Identify a concept that is often misunderstood in your discipline. Can you think of an analogy that can help make the concept make sense to students?

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“so misunderstood” flickr photo by SquirmyBeluga https://flickr.com/photos/squirmy21/8315536253 shared under a Creative Commons (BY) license

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14 Responses Completed for this Activity

  • Zinc and dress shirts (Christine, @Calm_Spark)

    In analytical instrumentation the students needs to make solutions of the appropriate concentration for a specific element using compounds.  Often the students miscalculate what they need to weigh out because they forget that the element is only part of the compound.  My analogy relates the element to sleeves of a shirt.

  • Signs vs symptoms: The challenges of assessing patients (Iain Alexander Robertson, @IainRobertson)

    One of the courses I teach is called ‘clinical assessment’. It can be very challenging for the students because it requires them to draw from previous learning (e.g. anatomy), learn new information (e.g. how to assess various joints in the body), and then integrate that learning into clinical practice. Students can often be overwhelmed with… Read more »

  • Misunderstood Math (Lisa Koster, @lkoster)

    This is my response to the Misunderstood Activity.  Before trying to come up with something of my own, I thought I would do some searching to see if someone else had already found an answer.  I found something and shared it in my post. This was a great exercise in thinking outside of the subject… Read more »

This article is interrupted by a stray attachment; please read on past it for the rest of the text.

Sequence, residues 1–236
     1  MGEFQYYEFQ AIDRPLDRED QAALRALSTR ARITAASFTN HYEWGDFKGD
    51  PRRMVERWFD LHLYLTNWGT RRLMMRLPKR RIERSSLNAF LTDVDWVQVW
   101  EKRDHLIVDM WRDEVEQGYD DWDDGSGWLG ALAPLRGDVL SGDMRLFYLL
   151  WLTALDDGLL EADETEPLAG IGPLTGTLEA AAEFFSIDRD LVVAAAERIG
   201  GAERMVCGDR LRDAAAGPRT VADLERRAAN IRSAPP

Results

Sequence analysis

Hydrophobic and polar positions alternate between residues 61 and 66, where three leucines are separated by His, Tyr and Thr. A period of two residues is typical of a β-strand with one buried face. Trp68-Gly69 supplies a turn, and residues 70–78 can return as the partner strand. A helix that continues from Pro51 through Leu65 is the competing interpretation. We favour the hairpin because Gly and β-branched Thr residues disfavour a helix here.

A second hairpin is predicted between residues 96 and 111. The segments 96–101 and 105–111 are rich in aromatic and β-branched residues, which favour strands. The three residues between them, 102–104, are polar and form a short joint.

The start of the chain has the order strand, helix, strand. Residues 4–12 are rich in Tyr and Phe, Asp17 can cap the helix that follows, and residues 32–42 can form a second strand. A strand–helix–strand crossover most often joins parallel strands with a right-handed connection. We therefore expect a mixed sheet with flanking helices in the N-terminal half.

• Scanning your textbook (Irene Stewart, @IrenequStewart)

    In the study skill/learning strategy area of my practice as a Retention Coordinator, students seem to misunderstand why one would scan their textbook chapter before reading.

  • ; = > , but < . (Jessica OReilly, @JessicaOReill17)

    What happened when the semicolon broke grammar laws?   It was given two consecutive sentences! Click the link to read about a great analogy to help students differentiate between the semicolon and other forms of punctuation. I didn’t create the analogy, but I do imagine how I’d use it in my classroom.

  • #easypeasylemonsqueezy (Marnie Seal, @marnieseal)

    Response to the misunderstood activity: https://librarylandfairytales.wordpress.com/2018/03/13/easypeasy/

  • Research – before or after? (Jen Booth, @JenBoothatGC)

    Students feel that because they can Google, they’ve mastered the art of research.  This week has been all about trying to help students understand that the research comes first, and should inform the way their essay develops. My analogy… Doing the research after you write the essay is like assembling flat packed furniture without checking… Read more »

  • Analogy for learning (Helen DeWaard, @hj_dewaard)

    This blog post talks about the tricky idea about ‘what is learning’ since prior knowledge of what learning really is can hinder the understanding of teacher candidates as they work with children. How do they know when learning has occurred if they can’t ‘see’ it? The analogy of riding a backwards bike is used.

  • We are all Different (Steven Secord, @stevensecord)

    To complete this activity I have written a blog post on one of the most misunderstood concepts I encounter the Faculty of Education: Differentiation.

  • Misunderstood – The Journey to Mount Doom (Lynn Cartan, @LynnCartan)

    Teaching Goals vs. Objectives using Lord of the Rings.

    2 Responses to “Misunderstood”

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